“But at least Superman hits people, right?” Yes, there are fight sequences in Man of Steel, and occasionally, they are exhilarating – particularly the POV camera shots where Kal-El is beating Zod from one end of Metropolis to the next. If you’ve seen Snyder’s films, you know he appreciates up-close camera shots that place you in the action, which gets disorienting once Kal-El and Zod decimate large swaths of Metropolis in their climactic confrontation.

He also knows exactly where the 7-11 logo is, or where the IHop sign should be framed so as not to interfere with the action on screen. Seriously, Man of Steel suffers some of the most blatant product placement I've seen in recent memory, especially during the Battle of Smallville, which appears to have been sponsored by Sears.

Unfortunately, Snyder’s decisions to portray Superman as a hesitant savior keep the hero at an arm’s length from us, the audience. He isn’t sure if he’s ready to save us, so we’re not really sure we’re ready to embrace him. I cared little for Superman as the movie raced to its “breathless” conclusion, so the wanton carnage and the digital-heavy window dressing of Man of Steel’s final act resembled the latest techno-playgrounds of the bombastic Michael Bay. As skyscrapers tumble and Zod tries to fry innocent citizens – before Superman murders his enemy before the very people he’s sworn to protect – Man of Steel becomes the angry, jaded Revenge of the Fallen in a recognizable red cape.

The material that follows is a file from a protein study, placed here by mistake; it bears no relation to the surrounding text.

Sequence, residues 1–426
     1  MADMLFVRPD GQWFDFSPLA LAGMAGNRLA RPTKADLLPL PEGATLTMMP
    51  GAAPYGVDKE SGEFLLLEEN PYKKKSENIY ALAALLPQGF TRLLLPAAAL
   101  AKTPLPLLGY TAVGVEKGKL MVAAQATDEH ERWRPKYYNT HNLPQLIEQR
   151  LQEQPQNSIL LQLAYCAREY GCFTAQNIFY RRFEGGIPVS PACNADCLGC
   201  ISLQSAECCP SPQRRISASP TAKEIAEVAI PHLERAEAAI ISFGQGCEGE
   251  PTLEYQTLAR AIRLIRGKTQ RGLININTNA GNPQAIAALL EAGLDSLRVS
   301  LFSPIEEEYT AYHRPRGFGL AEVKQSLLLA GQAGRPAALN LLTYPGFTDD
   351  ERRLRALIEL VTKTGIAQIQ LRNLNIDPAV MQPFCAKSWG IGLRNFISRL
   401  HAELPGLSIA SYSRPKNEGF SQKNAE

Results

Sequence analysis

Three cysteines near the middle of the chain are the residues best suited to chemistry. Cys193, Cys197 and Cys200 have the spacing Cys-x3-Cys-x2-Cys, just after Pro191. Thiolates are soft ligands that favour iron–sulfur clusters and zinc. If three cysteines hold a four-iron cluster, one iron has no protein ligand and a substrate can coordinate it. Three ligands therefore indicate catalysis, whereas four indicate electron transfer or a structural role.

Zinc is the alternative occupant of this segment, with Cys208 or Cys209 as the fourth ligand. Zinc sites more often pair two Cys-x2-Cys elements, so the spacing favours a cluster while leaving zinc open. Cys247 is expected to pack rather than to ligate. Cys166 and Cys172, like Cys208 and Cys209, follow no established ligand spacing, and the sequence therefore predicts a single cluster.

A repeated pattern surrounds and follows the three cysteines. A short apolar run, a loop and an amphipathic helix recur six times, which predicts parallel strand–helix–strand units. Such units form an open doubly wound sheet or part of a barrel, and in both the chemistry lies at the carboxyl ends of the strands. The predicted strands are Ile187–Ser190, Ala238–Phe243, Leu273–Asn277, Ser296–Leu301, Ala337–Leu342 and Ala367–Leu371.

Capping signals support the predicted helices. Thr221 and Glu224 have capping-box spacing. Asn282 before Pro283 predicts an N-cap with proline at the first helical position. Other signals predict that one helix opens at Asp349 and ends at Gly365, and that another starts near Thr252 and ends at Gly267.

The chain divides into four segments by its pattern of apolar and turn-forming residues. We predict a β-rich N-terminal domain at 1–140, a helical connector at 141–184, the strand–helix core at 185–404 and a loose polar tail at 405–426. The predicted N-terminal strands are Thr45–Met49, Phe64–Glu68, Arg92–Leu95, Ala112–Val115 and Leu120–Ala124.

Summer blockbusters are supposed to be fun. Even Nolan’s Batman movies, which are being heralded (or blamed) for this rash of darker, edgier superhero movies, had a sense of comic-book escapism to them. Batman Begins is a roller-coaster ride with a valuable sense of humor. And The Avengers, in comparison, looks like Airplane! next to the deathly serious Man of Steel. Never once did I have fun during Snyder’s movie. Is that my fault, or his? I’ll have years to think about it. Reports say the director will be back for Man of Steel, and that Justice League is his project to lose. That should give D.C. fans some sense of stability in their often-rocky film community. All I feel is disappointment.

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